Singapore Budget 2016: Help to navigate tough climate among top wishes of business leaders

They also hope govt will help local enterprises venture abroad, innovate to create value


HELP to navigate the rough economic terrain, nudge small and medium enterprises (SMEs) to scale up and venture abroad even in tough times, and enable businesses to harness technological innovation are among the top wishes of business leaders as Budget 2016 looms.

Views from the Top, a weekly feature in The Business Times, polled business leaders here on their wishlists ahead of the Singapore Budget 2016 to be unveiled on March 24.

Their concerns echo those of various market observers who are expecting the Budget to address the immediate and medium-term needs of the economy and prime it for future transitions.

"Given the uncertain economic landscape, we expect this Budget to focus on helping businesses, particularly local enterprises, create value through innovation," says PwC Singapore executive chairman Yeoh Oon Jin.

He proposes that one way in which the government can help such local enterprises, especially those without critical mass, in their pursuit of new markets is to set up a "one-stop shop" to help them navigate the plethora of assistance schemes ranging from grants, tax incentives to financing.

Ademco Security Group managing director Toby Koh is among business leaders who see the push for Singapore companies to go international, and the nurturing of small and medium enterprises (SMEs) into large regional players as vital for Singapore's growth.

The call to help SMEs grow locally and internationally has come at a time when SMEs are finding it hard to weather a domestic economy in transition and the wobbly global economy.

Recent surveys reflect a plunge in business sentiment among SMEs here. A joint survey by Singapore Business Federation (SBF) and DP Information Group showed that SMEs in Singapore do not expect to achieve any growth during the next six months.

Mr Koh suggests that the government offer a grant for overseas investments by Singapore companies. "This grant would be tiered depending on years of operations, profitability and revenue. In addition, there should be a tax incentive for Singapore companies which run their overseas business efficiently and profitably."

In the same vein, BDO LLP managing partner Frankie Chia is hoping that the government will review the current time-consuming and complex grant application process, and the "pay first, claim later" grants system that he perceives to be slowing innovation and deterring SMEs from applying for grants altogether.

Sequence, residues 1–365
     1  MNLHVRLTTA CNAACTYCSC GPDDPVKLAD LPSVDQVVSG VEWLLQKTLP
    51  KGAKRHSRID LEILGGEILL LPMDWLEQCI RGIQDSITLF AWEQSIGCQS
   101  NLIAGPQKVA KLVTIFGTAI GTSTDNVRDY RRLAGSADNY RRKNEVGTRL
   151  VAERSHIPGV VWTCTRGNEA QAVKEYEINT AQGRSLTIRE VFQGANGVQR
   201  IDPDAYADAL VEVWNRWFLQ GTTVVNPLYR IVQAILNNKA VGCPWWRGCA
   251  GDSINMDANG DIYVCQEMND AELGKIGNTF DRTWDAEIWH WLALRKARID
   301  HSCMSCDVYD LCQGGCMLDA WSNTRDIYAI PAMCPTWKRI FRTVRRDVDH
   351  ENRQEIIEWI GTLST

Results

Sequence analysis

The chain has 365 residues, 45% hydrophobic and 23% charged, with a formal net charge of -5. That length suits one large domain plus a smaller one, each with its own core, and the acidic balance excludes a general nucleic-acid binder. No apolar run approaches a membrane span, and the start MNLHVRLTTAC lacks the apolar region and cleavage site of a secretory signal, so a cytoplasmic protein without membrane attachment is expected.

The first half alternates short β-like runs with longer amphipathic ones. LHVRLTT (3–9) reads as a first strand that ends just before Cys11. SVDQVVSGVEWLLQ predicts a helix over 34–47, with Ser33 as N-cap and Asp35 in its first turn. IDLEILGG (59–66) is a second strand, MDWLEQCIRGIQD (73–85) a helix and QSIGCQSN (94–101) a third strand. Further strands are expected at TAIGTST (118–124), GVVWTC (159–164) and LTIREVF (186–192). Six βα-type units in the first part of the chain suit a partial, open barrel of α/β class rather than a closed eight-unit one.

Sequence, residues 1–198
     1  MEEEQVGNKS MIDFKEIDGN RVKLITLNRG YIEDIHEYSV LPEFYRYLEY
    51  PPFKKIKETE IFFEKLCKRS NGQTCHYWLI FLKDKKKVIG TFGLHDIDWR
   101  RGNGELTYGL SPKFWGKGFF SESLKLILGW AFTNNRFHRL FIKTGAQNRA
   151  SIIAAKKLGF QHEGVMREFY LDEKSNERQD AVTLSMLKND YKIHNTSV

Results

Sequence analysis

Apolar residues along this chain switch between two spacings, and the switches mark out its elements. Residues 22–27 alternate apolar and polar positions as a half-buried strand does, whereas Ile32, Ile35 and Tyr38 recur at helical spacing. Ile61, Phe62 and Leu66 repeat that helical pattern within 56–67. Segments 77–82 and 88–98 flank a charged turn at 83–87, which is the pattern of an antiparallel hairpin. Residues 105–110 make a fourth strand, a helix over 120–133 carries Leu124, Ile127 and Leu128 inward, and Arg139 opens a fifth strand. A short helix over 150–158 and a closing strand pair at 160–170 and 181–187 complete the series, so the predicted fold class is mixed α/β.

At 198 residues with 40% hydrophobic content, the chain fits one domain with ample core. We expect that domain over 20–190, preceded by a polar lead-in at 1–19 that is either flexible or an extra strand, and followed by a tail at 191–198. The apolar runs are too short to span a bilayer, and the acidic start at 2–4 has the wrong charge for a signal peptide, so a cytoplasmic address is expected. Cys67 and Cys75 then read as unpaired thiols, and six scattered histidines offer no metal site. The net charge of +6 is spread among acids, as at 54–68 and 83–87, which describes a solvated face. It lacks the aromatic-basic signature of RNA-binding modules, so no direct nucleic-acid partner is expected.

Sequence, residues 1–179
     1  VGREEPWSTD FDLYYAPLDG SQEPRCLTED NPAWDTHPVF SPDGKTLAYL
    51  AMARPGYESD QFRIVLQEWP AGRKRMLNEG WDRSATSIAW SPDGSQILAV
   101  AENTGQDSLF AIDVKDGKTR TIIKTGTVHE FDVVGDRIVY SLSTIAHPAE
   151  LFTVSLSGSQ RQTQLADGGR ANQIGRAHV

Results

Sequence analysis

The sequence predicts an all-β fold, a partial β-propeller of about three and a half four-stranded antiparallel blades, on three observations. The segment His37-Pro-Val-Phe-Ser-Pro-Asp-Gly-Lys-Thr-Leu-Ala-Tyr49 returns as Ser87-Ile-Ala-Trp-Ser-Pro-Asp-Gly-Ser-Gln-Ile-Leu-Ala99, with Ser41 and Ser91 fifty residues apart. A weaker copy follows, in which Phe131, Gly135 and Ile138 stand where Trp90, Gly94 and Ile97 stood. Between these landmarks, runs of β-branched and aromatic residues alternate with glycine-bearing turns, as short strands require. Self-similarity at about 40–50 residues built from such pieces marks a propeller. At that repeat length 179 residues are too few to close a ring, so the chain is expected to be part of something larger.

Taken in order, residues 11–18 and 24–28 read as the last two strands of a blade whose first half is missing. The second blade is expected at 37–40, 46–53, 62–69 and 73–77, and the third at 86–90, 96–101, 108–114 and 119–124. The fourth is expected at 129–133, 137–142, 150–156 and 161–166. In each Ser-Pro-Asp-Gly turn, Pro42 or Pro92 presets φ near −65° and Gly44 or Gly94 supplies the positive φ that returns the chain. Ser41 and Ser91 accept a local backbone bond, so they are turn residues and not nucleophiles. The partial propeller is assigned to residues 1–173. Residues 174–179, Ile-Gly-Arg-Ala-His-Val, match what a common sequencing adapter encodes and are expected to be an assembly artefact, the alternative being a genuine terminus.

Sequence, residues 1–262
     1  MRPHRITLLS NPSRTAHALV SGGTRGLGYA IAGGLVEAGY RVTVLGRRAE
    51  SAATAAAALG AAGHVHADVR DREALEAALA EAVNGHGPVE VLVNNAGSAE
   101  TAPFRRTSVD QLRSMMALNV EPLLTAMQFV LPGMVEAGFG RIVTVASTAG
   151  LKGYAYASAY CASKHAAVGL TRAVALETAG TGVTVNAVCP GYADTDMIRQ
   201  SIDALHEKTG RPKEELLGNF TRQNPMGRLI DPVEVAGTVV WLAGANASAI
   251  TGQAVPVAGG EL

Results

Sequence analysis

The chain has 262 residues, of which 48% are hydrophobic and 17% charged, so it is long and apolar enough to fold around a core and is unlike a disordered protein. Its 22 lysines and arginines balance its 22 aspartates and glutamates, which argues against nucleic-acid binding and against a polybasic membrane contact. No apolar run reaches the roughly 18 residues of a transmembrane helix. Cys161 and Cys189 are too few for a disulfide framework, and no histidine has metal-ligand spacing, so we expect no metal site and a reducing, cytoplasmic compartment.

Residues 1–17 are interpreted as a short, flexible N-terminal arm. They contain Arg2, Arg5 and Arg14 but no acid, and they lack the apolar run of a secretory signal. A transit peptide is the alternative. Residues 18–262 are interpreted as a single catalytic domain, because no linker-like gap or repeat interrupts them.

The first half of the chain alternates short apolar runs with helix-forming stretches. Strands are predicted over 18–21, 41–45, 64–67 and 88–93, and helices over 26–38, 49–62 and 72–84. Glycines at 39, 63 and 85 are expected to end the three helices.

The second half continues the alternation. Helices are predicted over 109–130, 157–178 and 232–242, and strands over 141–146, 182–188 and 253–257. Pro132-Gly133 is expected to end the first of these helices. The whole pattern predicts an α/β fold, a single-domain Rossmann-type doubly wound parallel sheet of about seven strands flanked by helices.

Fabian Wong, Philips' CEO for Asean and Pacific, says that with innovations in technology rapidly changing the business landscape, multinational companies and SMEs alike have to evolve in tandem and invest in greater value creation activities. "We hope for incentives that will encourage co-innovation and collaboration among the public and private sector, especially in the area of healthcare innovation so we are better placed to address the changing demands of an ageing population."

Minister for Finance Heng Swee Keat, ahead of his upcoming Budget speech, shared two weeks ago that Budget 2016 will look at helping companies cope with the current economic downturn, even as it seeks to assist all stakeholders to navigate new landscapes as Singapore's economy transitions.

Mr Heng also alluded to fiscal prudence in the upcoming Budget. "Because it's the first term of the new government, it means that we have to be particularly prudent so that we have resources when we need to act later," he said.

EY Asean and Singapore managing partner Max Loh cautions that short-term fixes should be tempered in order to set Singapore up for long-term sustainability.

"Budget 2016 should continue to steer Singapore towards its aspiration of being a globally competitive value-creating economy with opportunities for all," he says. "We hope the Budget measures will be decisive in intent and targeted in approach, but with an empathetic tone given current economic vulnerabilities."

Singapore's slowing economy and its impact on the job market also emerged as top concerns for Singaporeans who gave their feedback to the government feedback unit Reach in this year's Pre-Budget feedback exercise. These issues made up one-third of 3,600 feedback inputs shared in the exercise jointly organised by Reach and the Ministry of Finance.

Singaporeans who gave their feedback called for schemes to help affected workers cope financially, re-skill and re-enter the workforce. There were suggestions to provide more regular top-ups to the SkillsFuture credit, says Reach.

SME owners asked for more help to tide them over the economic slowdown and restructuring efforts. There was also a suggestion for the government to consider technology and innovation as evaluation criteria in tenders to encourage businesses to innovate.

READ MORE: Views from the Top: Budget wish list

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